On July 15, 2019, President Trump issued an Executive Order, “Maximizing Use of American- Made Goods, Products, and Materials.” The Executive Order builds on two prior “Buy American” Executive Orders and recommends two changes to current regulations implementing the Buy American Act of 1933. This alert summarizes the changes proposed in the Executive Order (known as “Buy American III”) and how they may affect a government contractor’s supply chain.
The Buy American Act does not apply to every procurement, but when it does apply, it mandates that federal agencies purchase domestic products. The Federal Acquisition Regulation (“FAR”) implements this mandate by requiring the use of “domestic end products” and defining what percentage of domestic content a domestic end item must contain. The Buy American Act contains a number of exceptions implemented in the FAR, including an exception when the cost of acquiring a domestic end product is unreasonable.
We predicted in an earlier publication that these two aspects of current Buy American Act regulations—the domestic content requirement and the determination of whether a domestic end product’s cost is “unreasonable”—were particularly susceptible to revision under President Trump’s “Buy American” agenda. One year later, these are precisely the provisions the new Executive Order seeks to revise. Below, we provide key takeaways from the Executive Order, followed by an in-depth analysis of the Executive Order’s potential affect on current Buy American Act compliance requirements.
Bottom Line Up Front: Key Takeaways From The New Executive Order:
- For manufactured products other than steel or iron products, the Executive Order does not present a drastic change: it requires manufacturers to increase a product’s domestic content from 51% to 55% in order to qualify as a “domestic end product.”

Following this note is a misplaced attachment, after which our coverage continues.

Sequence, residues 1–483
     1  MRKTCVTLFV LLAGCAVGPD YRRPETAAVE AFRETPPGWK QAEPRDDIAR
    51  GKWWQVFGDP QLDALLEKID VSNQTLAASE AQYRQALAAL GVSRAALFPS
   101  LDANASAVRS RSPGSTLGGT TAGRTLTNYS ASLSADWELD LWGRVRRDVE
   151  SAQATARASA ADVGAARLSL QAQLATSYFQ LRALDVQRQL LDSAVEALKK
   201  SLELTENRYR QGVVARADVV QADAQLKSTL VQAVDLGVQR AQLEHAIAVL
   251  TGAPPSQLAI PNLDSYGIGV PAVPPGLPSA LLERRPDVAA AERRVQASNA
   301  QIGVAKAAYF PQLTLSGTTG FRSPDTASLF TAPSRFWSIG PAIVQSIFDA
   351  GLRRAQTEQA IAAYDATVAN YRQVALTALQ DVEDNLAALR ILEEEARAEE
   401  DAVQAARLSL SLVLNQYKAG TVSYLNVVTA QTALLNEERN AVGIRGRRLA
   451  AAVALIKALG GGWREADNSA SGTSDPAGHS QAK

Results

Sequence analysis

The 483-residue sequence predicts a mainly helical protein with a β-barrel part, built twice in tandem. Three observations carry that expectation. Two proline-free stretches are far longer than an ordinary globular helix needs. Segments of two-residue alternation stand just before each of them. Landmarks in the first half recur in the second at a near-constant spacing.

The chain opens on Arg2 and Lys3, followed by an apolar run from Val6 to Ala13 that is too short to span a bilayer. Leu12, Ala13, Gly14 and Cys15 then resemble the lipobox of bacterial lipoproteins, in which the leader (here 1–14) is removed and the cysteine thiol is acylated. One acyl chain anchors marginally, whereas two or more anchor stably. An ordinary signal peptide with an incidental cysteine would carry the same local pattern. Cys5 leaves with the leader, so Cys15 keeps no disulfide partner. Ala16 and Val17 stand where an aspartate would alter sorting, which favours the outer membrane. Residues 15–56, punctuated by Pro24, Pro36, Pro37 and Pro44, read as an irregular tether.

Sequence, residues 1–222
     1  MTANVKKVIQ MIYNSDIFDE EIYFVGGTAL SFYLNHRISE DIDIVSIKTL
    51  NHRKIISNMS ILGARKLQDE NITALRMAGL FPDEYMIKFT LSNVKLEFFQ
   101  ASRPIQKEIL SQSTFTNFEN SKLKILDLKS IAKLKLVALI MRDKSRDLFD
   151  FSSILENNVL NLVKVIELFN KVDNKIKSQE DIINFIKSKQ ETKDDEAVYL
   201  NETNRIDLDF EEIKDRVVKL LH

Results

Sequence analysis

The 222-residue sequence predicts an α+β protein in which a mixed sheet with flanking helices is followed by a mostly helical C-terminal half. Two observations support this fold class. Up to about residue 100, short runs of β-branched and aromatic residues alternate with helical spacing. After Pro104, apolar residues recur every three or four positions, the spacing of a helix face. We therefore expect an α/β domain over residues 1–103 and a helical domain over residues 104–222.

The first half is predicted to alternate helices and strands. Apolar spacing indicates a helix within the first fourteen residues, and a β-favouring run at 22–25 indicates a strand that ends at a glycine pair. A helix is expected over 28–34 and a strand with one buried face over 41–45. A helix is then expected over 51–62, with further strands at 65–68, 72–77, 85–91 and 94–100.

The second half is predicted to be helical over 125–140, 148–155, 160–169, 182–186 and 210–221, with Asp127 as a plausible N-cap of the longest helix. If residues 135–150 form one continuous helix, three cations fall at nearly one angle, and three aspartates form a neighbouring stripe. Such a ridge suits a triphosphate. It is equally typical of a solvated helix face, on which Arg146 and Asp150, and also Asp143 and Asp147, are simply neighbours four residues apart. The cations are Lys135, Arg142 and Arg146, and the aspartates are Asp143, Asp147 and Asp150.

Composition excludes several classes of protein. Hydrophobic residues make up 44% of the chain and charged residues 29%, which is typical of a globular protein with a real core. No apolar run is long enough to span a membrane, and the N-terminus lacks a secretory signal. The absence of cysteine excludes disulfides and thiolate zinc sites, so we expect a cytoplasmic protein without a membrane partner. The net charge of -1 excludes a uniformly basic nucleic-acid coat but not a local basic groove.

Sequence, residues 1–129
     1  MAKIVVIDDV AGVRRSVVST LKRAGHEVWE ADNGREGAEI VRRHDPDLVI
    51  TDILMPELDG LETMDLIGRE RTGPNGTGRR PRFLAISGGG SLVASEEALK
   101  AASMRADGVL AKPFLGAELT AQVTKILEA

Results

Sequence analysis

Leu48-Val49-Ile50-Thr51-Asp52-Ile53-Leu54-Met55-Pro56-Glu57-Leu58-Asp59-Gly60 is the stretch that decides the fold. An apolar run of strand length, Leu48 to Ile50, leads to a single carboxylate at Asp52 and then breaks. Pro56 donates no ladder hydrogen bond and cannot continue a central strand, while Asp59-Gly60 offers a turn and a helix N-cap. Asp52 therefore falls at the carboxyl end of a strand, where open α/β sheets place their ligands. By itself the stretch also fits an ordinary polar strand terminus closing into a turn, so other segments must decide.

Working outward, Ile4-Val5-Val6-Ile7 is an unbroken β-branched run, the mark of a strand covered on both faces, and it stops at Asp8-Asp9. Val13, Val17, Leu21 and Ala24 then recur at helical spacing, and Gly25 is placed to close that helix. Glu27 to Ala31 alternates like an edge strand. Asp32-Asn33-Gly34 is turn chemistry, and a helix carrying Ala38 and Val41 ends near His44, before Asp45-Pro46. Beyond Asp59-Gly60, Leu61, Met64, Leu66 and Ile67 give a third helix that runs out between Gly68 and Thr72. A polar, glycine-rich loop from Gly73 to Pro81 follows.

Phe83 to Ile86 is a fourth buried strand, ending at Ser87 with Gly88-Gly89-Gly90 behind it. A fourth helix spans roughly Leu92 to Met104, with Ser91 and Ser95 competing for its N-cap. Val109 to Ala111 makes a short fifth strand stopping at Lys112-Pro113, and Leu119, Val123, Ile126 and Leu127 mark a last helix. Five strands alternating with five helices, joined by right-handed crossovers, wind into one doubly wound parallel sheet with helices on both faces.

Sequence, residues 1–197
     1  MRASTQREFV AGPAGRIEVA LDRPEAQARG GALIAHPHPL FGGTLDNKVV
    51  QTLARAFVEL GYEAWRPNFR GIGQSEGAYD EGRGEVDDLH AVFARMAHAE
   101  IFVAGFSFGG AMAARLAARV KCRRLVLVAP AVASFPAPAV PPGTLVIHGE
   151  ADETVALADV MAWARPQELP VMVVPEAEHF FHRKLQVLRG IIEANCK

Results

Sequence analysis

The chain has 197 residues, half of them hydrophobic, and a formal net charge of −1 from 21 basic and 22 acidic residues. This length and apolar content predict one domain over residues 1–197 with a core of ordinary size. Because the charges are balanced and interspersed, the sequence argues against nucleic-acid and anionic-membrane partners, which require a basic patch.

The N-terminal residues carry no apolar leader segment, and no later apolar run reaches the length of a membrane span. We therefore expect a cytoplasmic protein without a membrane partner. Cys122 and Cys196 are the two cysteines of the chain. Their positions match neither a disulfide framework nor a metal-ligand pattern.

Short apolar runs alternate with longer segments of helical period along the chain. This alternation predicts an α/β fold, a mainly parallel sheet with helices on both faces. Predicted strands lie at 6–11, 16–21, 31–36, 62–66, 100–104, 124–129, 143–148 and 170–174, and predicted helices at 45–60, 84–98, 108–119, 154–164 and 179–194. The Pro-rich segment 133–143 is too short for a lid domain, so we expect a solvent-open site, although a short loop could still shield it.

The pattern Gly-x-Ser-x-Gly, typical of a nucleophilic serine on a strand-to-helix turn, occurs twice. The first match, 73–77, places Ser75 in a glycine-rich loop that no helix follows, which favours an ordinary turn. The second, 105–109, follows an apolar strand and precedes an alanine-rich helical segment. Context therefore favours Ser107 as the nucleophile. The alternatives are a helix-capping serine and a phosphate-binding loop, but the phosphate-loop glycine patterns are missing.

- For steel and iron manufactured products, the Executive Order does propose a significant change, increasing domestic content from 51% to 95% in order to qualify as a “domestic end product.” It is unclear whether the Executive Order extends its proposed changes to “domestic construction materials.” If so, this change could be particularly significant for construction contractors on civilian agency construction sites.
- The Executive Order’s proposed change to domestic content requirements will not affect manufactured products that qualify as commercially available off-the-shelf (“COTS”) items, as the FAR exempts COTS items from domestic content requirements.
- The Executive Order increases the “price penalty” against foreign end products from 6% to 20% (or from 12% to 30% for small business competition) which will reduce federal agency use of the “unreasonable cost” waiver and thereby increase procurement of domestic products.
- The change to the “unreasonable cost” exception does not affect DoD acquisitions, as DoD previously implemented a separate—and more severe— price penalty for foreign products.
- The proposed changes must be considered by the FAR Council within 180 days, but the Executive Order does not mandate subsequent rulemaking until (1) notice and comment, and (2) the FAR council determines that any proposed changes are appropriate and consistent with the law and the national security interests of the United States.
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